Even with the progress in such technologies, however, it could still be years before an anti-piracy system becomes commercially viable, says Zhao. "A lot of people in the studios have some doubt if we can ever have an effective solution," he says. In March, Thomson opened the Burbank Innovation Center to keep Hollywood organizations up to date on its progress and to garner feedback, according to Zhao. Editor's NOte: I don't doubt they can come up with solutions. But the bad guys tend to catch up with anything they come up with. And very quickly. It seems like an ultimately losing battle, doesn't it?

Ultimately, acceptance of such a system will depend on several factors, says Ethan Bush, senior project director at National TeleConsultants, an engineering and design consultancy for the media industry. For one, on-film artifacts must be completely hidden from audiences. For another, the rapid play of words, light, or patterns across a screen cannot have harmful side effects. "We don't want anyone going into epileptic seizures," says Bush. Editor's Note: yeah..... I guess that WOULD be bad...ahem.... Yet, he adds, piracy is "a huge issue" and an effective solution could be worth billions. Editor's Note: Ironic that at the same time theater attendance is dropping and prospective audience members are complaining loudly about slipping quality, there are still so many people trying to STEAL the films. I mean, is it just a random urge to steal, or are the movies not as bad as the whiners would indicate?

A couple of Reviews to help plan your weekend

Editor's Note: And in the 'just-another-service-we-offer' category, a couple of nice reviews for things on my personal must-see list for this weekend. (I just skimmed the Pirates review, since I like to see the films first....)

Pirates: Dead Man's Chest
By Kirk Honeycutt

Bottom line: Once again Johnny Depp shines in this movie series disguised as a theme park ride.

Like the Disneyland ride that inspired the movie series, "Pirates of the Caribbean: Dead Man's Chest" rolls from one envelope-pushing special effects sequence to another with little connective tissue.

The filmmakers seem cheerfully resolved that narrative never get in the way of buccaneer fun.

Cannibals, sword fights, a sea monster, tavern brawls, supernatural sailors and harrowing escapes hit the screen in such bewildering profusion that all sense of purpose is swallowed up in this heady boys' adventure run amok.

There is, in fact, only one purpose: Give Johnny Depp room to perform the Great Lounge Act of the Seven Seas. Editor's Note: GREAT Line!!! Bravo!

Anticipation is huge for the middle film in this projected pirate trilogy, so "Dead Man's Chest" should equal if not surpass the $656 million worldwide gross of 2003's "The Curse of the Black Pearl."

Most of the crew has reunited under the helm of producer Jerry Bruckheimer and director Gore Verbinski, including Depp, Orlando Bloom and Keira Knightley, as the second and third films were shot simultaneously in Caribbean locales.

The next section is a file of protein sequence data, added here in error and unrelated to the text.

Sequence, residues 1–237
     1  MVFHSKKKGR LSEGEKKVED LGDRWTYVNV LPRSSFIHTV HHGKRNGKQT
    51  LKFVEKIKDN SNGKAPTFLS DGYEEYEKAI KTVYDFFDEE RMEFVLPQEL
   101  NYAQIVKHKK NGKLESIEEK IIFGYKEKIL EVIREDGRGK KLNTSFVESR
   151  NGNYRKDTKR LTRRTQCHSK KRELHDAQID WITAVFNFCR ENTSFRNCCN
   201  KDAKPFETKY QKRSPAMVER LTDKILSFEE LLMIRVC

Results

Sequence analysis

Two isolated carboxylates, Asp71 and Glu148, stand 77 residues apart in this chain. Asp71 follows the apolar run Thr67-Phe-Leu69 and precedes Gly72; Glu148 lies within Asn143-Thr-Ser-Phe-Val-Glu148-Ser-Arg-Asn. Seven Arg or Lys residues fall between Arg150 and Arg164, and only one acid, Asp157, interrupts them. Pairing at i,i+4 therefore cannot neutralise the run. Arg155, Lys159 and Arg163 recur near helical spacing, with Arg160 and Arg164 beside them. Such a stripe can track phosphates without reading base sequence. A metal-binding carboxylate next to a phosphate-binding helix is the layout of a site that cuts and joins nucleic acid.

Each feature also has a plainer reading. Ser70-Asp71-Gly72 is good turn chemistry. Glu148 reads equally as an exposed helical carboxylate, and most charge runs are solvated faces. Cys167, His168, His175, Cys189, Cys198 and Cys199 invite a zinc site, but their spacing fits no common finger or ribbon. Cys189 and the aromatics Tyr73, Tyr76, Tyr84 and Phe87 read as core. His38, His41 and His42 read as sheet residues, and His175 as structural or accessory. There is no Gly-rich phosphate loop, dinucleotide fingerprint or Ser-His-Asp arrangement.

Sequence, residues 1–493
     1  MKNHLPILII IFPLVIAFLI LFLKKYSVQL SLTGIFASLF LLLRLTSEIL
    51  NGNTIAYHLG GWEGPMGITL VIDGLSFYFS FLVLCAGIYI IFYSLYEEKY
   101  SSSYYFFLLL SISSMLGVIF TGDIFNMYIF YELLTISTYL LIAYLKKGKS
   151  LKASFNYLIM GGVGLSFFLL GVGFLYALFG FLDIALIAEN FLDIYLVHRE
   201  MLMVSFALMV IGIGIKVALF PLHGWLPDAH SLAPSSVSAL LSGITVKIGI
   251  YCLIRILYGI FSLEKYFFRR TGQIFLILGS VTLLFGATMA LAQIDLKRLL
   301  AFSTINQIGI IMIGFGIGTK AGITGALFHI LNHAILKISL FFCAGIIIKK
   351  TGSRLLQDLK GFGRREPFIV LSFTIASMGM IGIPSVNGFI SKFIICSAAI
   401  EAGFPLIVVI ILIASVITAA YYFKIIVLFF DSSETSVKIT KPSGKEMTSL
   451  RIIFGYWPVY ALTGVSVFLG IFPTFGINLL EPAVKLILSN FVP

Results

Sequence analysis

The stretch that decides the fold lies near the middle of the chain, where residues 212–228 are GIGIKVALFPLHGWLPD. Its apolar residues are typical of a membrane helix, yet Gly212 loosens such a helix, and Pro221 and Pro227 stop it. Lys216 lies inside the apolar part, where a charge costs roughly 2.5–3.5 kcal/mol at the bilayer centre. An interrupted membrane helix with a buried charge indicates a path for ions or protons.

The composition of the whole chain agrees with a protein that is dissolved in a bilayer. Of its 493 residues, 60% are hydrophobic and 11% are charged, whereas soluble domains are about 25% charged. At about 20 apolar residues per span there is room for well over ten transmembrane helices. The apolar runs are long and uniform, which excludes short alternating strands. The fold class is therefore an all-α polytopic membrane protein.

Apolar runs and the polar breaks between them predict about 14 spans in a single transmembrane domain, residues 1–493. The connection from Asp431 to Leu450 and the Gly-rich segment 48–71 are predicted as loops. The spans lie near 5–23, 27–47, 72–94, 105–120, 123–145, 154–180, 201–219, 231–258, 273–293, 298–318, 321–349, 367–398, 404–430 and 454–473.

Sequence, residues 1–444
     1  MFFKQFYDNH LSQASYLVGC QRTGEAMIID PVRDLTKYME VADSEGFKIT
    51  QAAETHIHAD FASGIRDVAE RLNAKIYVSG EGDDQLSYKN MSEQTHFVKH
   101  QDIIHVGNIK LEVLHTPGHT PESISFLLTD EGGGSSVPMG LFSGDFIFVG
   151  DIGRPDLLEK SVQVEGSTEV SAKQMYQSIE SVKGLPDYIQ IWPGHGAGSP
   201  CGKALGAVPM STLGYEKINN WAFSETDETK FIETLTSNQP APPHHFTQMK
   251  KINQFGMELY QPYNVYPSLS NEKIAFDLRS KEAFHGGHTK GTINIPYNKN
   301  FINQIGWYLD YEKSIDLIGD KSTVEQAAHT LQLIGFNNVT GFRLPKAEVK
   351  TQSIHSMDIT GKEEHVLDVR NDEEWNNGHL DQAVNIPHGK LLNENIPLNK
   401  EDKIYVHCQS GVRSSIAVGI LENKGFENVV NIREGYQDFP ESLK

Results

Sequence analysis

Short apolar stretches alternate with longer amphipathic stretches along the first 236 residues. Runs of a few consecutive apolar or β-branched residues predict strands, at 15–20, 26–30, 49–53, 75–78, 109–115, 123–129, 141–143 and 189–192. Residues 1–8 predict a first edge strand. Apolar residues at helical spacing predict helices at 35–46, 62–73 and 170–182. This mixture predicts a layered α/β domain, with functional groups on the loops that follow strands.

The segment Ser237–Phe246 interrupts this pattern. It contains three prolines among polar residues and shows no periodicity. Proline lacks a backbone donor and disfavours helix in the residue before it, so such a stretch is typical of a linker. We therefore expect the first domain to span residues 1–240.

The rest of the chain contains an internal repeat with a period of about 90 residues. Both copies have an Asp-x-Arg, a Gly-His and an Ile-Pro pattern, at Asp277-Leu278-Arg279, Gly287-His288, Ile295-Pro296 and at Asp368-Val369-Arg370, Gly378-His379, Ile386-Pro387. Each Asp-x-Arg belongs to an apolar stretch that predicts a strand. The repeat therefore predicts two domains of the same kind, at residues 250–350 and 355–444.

Depp is less a swashbuckler than a swishbuckler Editor's Note: LOL! Bravo again! as he prances and preens through the movie with a bemused scowl on his face and the devil-may-care attitude of a hero who knows things will turn out well. He is the comic gel that holds the whole enterprise together. The performance is a total delight that somehow combines Bugs Bunny, Peter Pan and Charlie Chaplin.

"Dead Man's Chest" revolves around a blood debt Captain Jack Sparrow (Depp) owes to Davy Jones (Bill Nighy), the legendary fiend aboard his ghostly ship, the Flying Dutchman. To escape this fate, Captain Jack must recover a key that will open a buried chest containing his nemesis' still-beating heart.

Others want to seize this chest, however, most particularly the East India Trading Co.'s Lord Beckett (Tom Hollander). He imprisons Will Turner (Bloom) and Elizabeth Swann (Knightley) before their wedding on trumped-up charges so that Will is motivated to beat Captain Jack to the prize. Along the way are encounters with Will's father, Bootstrap Bill (Stellan Skarsgard), who long ago lost his soul to Davy Jones; a blackened-tooth Jamaican soothsayer, Tia Dalma (Naomie Harris); and Mercer (David Schofield), Beckett's informer in ne'er-do-well disguise.

Many characters are unearthly creatures with extreme physiologies -- essentially bloated, decaying, barnacle-encrusted corpses of dead sailors arisen zombielike to terrorize the sea.

Their leader, Davy Jones, is the movie's most amazing creature. His head is that of an octopus whose many tentacles wiggle, glower and reach out ominously as he rages against all living beings. This imagery gets repeated in his pet sea monster, Kraker, a giant version of his head.

Nighy does a great job of getting across his tormented character despite his face being hidden behind special effects. Knightley, who gets lovelier with each picture, makes a stout-hearted heroine, adept at physical action yet demure when need be. Bloom, though, is too much in earnest as if he were playing Errol Flynn rather than a comic version of same.

If one wants to carp about such things, this family adventure has morphed into something decidedly odd, though perhaps it fits the zeitgeist: The film overflows with as much gleeful sadism as a PG-13 rating can contain. Birds pluck eyes from living captives, a father must whip the flesh from his son's back, Captain Jack is prepared for roasting, and the threat of rape clearly looms over Elizabeth as she languishes in prison.